At least six states have introduced or passed bills in recent weeks that would forbid pharmacy benefit managers from discriminating against 340B covered entities regarding reimbursements and other practices.
The bills range from 340B-specific legislation to broader bills to address what is perceived by lawmakers as unfair PBM conduct.
Tennessee’s Senate Bill 1205/House Bill 1348 is just two pages long. It addresses only the 340B program and its participants, as does Michigan’s HB 4351. Kansas’ SB 128/HB 2260 is also only two pages long, but contains not only a non-discrimination clause for covered entities but also bars any additional fees or chargebacks or locking out covered entities from provider networks.
Indiana’s HB 1393 specifically bars contract language between PBMs and covered entities that permits below-average payments or additional fees, or “any provision that prevents or interferes” with an individual’s decision to fill their prescription at a 340B pharmacy.
Nebraska’s LB 270 is more extensive, addressing not only discrimination against 340B covered entities, but practices such as spread pricing and penalizing pharmacies for sharing pricing information with patients and caregivers.
Hawaii’s SB 602 is constructed along similar lines, barring not only 340B price discrimination but capping reimbursements to all pharmacies based on a maximum allowable cost basis. It would also prohibit PBMs from “engaging in unfair methods of competition or unfair practices.”
All of those bills continue to be debated or are in committees. Only Utah’s SB 0140 passed both chambers, which occurred last week. It specifically bars discrimination against federally qualified health centers that are 340B participants. Although it passed both the House and Senate without a single nay vote, it is unknown if Gov. Spencer Cox will sign it into law. Utah passed a law last year barring 340B discrimination against pharmacies in general.
Colleen Meiman, national policy advisor for the state and regional associations of community health centers, suggested that the Utah bill may have been introduced in reaction to rules introduced by Express Scripts that require pharmacies in its network to identify previously submitted claims that are 340B-eligible and submit them to match National Council for Prescription Drug Program Standards within 10 business days. That rule went into effect on March 1.
According to Meiman, the Association for Utah Community Health (AUCH), the state’s primary lobby for federally qualified health centers and community clinics, obtained an opinion from Express Scripts that if such a law was enacted its new policy would no longer apply. Spokespersons from both AUCH and Express Scripts did not respond to requests seeking comment.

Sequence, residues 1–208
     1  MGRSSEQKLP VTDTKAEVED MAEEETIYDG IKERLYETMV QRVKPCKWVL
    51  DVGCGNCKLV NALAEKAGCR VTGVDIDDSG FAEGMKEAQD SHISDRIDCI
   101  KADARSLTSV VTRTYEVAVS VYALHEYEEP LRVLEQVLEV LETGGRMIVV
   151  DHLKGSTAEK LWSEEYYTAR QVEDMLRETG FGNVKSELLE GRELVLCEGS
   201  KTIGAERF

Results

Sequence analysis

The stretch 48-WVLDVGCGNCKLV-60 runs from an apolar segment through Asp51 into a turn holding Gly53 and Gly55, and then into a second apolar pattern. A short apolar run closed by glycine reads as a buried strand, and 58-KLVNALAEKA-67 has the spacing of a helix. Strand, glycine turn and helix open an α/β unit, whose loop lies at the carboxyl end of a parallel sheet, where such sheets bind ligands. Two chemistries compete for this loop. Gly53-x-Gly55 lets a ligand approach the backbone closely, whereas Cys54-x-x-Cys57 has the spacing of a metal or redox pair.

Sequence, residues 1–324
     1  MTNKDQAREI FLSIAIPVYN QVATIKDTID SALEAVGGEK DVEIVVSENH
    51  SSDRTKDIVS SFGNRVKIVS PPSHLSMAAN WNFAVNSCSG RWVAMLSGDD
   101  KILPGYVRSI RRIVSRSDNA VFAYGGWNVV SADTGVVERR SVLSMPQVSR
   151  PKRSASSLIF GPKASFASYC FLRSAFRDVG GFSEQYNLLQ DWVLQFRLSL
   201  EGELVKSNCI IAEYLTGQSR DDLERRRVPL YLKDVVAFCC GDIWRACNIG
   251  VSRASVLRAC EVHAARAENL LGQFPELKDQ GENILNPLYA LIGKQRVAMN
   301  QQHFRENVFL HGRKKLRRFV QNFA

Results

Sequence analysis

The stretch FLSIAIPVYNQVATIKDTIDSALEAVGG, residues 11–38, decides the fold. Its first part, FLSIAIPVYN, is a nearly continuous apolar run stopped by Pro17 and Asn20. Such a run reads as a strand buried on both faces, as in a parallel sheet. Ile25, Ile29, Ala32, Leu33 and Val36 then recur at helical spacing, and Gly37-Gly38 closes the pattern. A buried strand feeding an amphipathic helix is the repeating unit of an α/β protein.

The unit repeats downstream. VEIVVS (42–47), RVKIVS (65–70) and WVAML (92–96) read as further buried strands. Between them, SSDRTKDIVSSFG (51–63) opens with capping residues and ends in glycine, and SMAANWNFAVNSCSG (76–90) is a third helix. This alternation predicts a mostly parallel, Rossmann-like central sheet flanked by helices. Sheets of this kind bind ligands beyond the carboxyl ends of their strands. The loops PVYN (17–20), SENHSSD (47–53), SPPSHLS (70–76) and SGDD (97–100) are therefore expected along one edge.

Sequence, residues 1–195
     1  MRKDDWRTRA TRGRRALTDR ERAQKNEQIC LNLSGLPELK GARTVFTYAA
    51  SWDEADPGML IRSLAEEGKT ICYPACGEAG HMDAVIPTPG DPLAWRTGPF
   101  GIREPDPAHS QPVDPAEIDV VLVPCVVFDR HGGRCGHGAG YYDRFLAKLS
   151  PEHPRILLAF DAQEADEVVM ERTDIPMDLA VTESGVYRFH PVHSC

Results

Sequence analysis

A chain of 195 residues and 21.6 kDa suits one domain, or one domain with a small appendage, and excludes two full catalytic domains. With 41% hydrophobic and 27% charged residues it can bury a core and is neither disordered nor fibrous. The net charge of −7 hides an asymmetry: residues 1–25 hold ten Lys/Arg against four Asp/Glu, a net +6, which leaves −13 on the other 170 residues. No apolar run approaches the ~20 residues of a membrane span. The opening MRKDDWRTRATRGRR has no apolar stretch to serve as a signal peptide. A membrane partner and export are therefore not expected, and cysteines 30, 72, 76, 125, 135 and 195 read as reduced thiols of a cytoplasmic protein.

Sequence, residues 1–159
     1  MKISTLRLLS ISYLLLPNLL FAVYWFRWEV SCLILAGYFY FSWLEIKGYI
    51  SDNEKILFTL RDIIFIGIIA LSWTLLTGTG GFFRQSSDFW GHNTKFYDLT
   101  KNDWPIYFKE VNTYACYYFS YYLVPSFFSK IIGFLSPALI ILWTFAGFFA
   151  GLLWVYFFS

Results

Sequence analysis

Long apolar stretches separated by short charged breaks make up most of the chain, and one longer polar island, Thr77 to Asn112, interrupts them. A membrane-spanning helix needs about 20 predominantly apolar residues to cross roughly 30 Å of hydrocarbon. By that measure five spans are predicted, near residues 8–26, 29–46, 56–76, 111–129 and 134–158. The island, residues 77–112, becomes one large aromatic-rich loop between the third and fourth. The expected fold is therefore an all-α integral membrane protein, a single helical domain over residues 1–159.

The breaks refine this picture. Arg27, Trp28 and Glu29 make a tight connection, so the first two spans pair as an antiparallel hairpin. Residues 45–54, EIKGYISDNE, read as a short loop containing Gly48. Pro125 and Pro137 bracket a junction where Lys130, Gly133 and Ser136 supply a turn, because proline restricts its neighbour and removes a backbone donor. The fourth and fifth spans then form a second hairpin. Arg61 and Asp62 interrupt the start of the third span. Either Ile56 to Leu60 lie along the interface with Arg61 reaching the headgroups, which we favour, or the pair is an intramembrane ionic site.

As for the other bills, Meiman and other observers say they are in reaction to recent tactics adopted by PBMs. “They’ve become very, very aggressive in the past couple of years,” said Peggy Tighe, principal with the law firm of Powers Pyles Sutter & Verville in Washington, D.C. (a 340B Report sponsor) and counsel to Ryan White Clinics for 340B Access (RWC-340B), a national advocacy group representing HIV/AIDS clinics and service providers.
Among the practices that have been recently adopted by PBMs: Requiring covered entities to be bound to contact terms that aren’t disclosed at signing but are included in policy manuals, or finding ways to cut them out of preferred provider networks, subjecting patients with private insurance to co-payments and other fees that may prompt them to seek another pharmacy.
Making it more difficult for covered entities to obtain drugs at 340B rates also confers another advantage to PBMs: If they can lock drugs out of the program, they can claim rebates from the manufacturers.
“I call this ‘pickpocketing,’” Meiman said. “They are constantly exploring ways to get the (program savings) from us to them.”
Tighe believes that the PBMs are taking advantage of safety net providers’ focus on fighting the COVID-19 pandemic; the previous administration’s inaction to defend the 340B program; and the current leadership vacuum while the new administration gets up and running.
Absent a federal anti-discrimination bill, there will be an ongoing battle in statehouses to try and rein in PBMs, according to Meiman. “They come up with some creative way to block 340B or prohibit the program, and you have to crack down on that,” she said. “I call it an endless game of whack-a-mole.”